10 pricing lessons from cartoons: the sequel

But wait… there’s more!

Last month, I shared some of my favourite pricing cartoons with Marketing mag readers. The ongoing popularity of cartoons surprises me, given the decline in the medium that for many years they’ve called home: the newspapers.

With that in mind, here are another ten great pricing cartoons.

Paired products

This first cartoon illustrates one of two things (possibly both). Firstly, the advantage of have two pricing levers (the tree and the axe) that come from using non-linear/two-part pricing models, or secondly the advantage of selling paired products (like razors and blades, iPods and iTunes).

Bundle carefully

There are many risks associated with bundling products and services. The risk that is illustrated here is creating a bundle with a product or service that customers don’t really want.

Computers often get bundled with software (or is it the other way around?), and this gets taken to the illogical next step in this cartoon, with the caption reading “I haven’t the slightest idea who he is. He came bundled with the software”.

How not to price a new product

I am still amazed how often I see this happen… and how late it happens in the new product development process. Companies or people design and build fantastic products and either leave the pricing until the last moment, or pull a price out of thin air, like we see here.

Pricing should be part of the new product development process. It should be a forethought, not an afterthought.

Bati the customer

As I mentioned last month, cartoons can be a great way to get a serious message across using humour. This was exactly the thinking in the cartoon, which appeared in an ACCC publication a number of years ago. This cartoon illustrates what is known as bait advertising: in this case, advertising actual bait for sale, when you don’t have any or do not intend to sell it… you want to sell something a little bit more expensive… like fishing boats.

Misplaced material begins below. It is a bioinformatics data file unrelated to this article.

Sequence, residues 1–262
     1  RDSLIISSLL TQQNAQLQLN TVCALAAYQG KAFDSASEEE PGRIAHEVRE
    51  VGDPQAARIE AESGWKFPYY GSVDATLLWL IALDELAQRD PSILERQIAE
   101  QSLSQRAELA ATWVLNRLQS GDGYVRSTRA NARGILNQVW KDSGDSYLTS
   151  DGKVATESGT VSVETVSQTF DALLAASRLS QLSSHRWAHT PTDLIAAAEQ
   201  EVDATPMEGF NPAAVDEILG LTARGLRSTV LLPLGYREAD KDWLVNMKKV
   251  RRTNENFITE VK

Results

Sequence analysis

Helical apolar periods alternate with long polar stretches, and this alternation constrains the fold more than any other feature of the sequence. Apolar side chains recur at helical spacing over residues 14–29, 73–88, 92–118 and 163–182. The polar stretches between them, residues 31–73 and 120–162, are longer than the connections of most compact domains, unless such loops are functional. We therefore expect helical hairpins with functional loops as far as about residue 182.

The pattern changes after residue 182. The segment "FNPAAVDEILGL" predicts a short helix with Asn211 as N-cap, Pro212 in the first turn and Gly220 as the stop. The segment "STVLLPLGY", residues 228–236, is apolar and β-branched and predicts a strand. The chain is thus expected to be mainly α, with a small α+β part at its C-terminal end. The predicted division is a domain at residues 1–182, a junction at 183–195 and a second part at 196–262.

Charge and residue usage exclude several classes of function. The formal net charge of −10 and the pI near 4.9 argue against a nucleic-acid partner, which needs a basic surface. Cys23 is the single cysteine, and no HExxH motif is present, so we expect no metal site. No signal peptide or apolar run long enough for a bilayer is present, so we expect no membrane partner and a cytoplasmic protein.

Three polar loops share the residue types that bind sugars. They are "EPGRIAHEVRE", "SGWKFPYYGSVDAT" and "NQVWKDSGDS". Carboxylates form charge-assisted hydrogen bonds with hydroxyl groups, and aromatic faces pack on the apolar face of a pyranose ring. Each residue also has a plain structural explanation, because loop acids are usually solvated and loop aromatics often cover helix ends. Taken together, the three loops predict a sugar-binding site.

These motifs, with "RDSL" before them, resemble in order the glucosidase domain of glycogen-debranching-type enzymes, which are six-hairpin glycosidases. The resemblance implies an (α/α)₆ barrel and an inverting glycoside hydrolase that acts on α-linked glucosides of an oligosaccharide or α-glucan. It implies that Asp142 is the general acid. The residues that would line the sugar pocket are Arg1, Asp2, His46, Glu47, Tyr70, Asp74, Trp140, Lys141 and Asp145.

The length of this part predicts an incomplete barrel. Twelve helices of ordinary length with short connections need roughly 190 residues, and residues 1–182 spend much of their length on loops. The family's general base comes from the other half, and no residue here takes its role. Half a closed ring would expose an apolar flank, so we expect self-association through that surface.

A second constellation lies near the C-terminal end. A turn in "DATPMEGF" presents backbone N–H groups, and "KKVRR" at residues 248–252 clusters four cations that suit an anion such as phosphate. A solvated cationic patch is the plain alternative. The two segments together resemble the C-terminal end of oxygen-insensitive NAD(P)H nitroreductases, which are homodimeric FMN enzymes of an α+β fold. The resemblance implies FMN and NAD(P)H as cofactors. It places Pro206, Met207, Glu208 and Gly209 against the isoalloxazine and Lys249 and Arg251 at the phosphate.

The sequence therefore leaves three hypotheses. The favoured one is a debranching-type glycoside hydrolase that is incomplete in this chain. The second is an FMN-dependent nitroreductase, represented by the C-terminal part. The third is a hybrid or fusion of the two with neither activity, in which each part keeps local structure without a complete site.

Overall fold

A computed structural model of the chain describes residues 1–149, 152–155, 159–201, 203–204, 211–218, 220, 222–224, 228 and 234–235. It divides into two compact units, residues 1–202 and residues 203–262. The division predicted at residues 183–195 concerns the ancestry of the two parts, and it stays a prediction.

Collusion

This cartoon is taken from the same publication, and points out that it’s illegal to collude with your competitors to set the price of a product or service.

Cheap ills

Here are two cartoons that share a common theme: the pricing of pharmaceuticals. In the first cartoon, we see a patient hoping she’s coming down with a ailment she can afford the medicine for. Maybe she’s hoping for a ‘cheap’ disease, like the patient in the second cartoon, for which she can take a cheap, generic medicine.

Empty the customers pockets

There never seems to be any shortage of cartoons lampooning the oil companies and their pricing. This is the first of two such cartoons where the driver filling up his car is also filling up the profits of the oil company.

Highway robbery

The second, captionless cartoon likens the oil companies to Australia’s most famous (or infamous) villain, Ned Kelly, bearing a striking resemblance to a petrol pump.

Speaks for itself, doesn’t it?

This penultimate cartoon really doesn’t need much of an introduction. It’s a cryptic criticism of the pricing model commonly used in a wide variety of professional services industries, most notably in this cartoon, the legal profession.

The customer’s revenge

The final cartoon is from the early 1990s, and prior to the real commericalisation of the internet. The hand coming through the computer terminal is that of an airline passenger who has just been told by the reservations agent that the cheap airfare they have just purchased now has even more restrictive terms and conditions.

The timelessness of this cartoon is that this situation still happens today, perhaps even more so. Passengers may not be ringing call centers to book their flights, they do that themselves online, but they can still vent their spleen via their computers, their tablets and their smart phone (via social media) if they’re not happy with anything.

 

Jon Manning
BY Jon Manning ON 3 October 2012
Jon Manning is principal consultant at Sans Prix, and founder and managing director of online pricing advisory service, PricingProphets.com.